SPORTS
By Dan Connolly | March 26, 2012
BRADENTON, Fla. - The Orioles roster thinned out a little Monday, with several players being sent out of camp including right-hander Brad Bergesen, who pitched in 34 games with the Orioles last year. The Orioles have not yet announced the cuts, but they also include infielder Steve Tolleson, outfielder Scott Beerer and catcher John Hester - all non-roster invitees - who were sent to minor-league camp. Bergesen was optioned to Triple-A Norfolk to be a starter. Also optioned to Triple-A Norfolk were pitcher Jason Berken, who made his spring debut Sunday after dealing with a hamstring issue, and Matt Antonelli, who batted .194 in 31 at-bats this spring.
NEWS
February 14, 1999
THE CONTRAST is astonishing. Last year, Boston (population 558,000) recorded 35 homicides; Baltimore (population 675,000) had 314. Even New York, with 10 times more people, had just 629 homicides.These numbers tell a powerful story. Starting nine years ago with record homicide rates of 152 and 2,245, respectively, Boston and New York began reversing the tide.Surely Baltimore, too, should be able to curb the lethal bloodshed on its streets.Yet the prospect is not promising. The year has started with another wave of killings.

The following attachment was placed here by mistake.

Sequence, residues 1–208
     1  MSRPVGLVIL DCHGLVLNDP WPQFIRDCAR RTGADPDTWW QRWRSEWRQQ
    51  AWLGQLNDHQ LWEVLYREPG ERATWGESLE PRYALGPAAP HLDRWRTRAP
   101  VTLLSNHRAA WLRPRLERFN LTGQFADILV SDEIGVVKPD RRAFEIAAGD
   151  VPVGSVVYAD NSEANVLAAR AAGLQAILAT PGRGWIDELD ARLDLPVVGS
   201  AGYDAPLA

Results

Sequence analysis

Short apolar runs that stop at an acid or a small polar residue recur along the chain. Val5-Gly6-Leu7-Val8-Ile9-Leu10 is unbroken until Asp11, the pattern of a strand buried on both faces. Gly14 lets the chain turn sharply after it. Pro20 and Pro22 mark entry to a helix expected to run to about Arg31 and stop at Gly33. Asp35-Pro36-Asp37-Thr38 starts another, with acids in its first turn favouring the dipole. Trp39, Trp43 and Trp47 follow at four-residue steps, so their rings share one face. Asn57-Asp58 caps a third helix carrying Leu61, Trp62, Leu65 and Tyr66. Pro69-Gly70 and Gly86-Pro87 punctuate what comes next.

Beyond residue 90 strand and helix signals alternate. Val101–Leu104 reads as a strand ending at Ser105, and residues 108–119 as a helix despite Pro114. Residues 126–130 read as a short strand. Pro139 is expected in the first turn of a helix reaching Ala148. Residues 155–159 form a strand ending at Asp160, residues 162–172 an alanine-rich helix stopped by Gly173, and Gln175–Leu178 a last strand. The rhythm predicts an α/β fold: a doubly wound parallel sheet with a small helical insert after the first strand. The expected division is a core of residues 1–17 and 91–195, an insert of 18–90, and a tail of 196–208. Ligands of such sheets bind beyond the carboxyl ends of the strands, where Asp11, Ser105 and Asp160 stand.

NEWS
By David Simon and David Simon,Sun Staff Writer | February 7, 1994
A photo caption in yesterday's Sun incorrectly described the assignment of several police officers seen making a street sweep. The officers, shown arresting a man wanted on a warrant, were from the Northwestern District.The Sun regrets the errors.In assessing the Baltimore Police Department's war on drugs, consider the case of Rodney Curtis, who inhabits one drug corner in one neighborhood of a beleaguered city.Arrested at Fayette and Mount streets in July, Curtis, 19, was soon released and then arrested again for loitering at the West Baltimore corner a month later.
NEWS
By JENNIFER MCMENAMIN and JENNIFER MCMENAMIN,SUN REPORTER | January 17, 2006
Responding to allegations of corruption in a district station house, Baltimore's police commissioner said yesterday that he is committed to restoring the "internal integrity" of the department and has begun implementing safeguards aimed at keeping officers honest. Commissioner Leonard D. Hamm, speaking publicly for the first time about the arrest and suspension of several officers from the "flex squad" in the city's Southwestern District, said he has reinstated procedures that were in use when he left the Police Department in 1996 but were later eliminated.
NEWS
By Jim Haner and Jim Haner,Sun Staff Writer | February 9, 1994
Thomas C. Frazier, Baltimore's new police chief, promised yesterday reforms to revive the troubled department -- including creating an intelligence unit, beefing up street patrols and adding investigators to the depleted sex-crimes unit."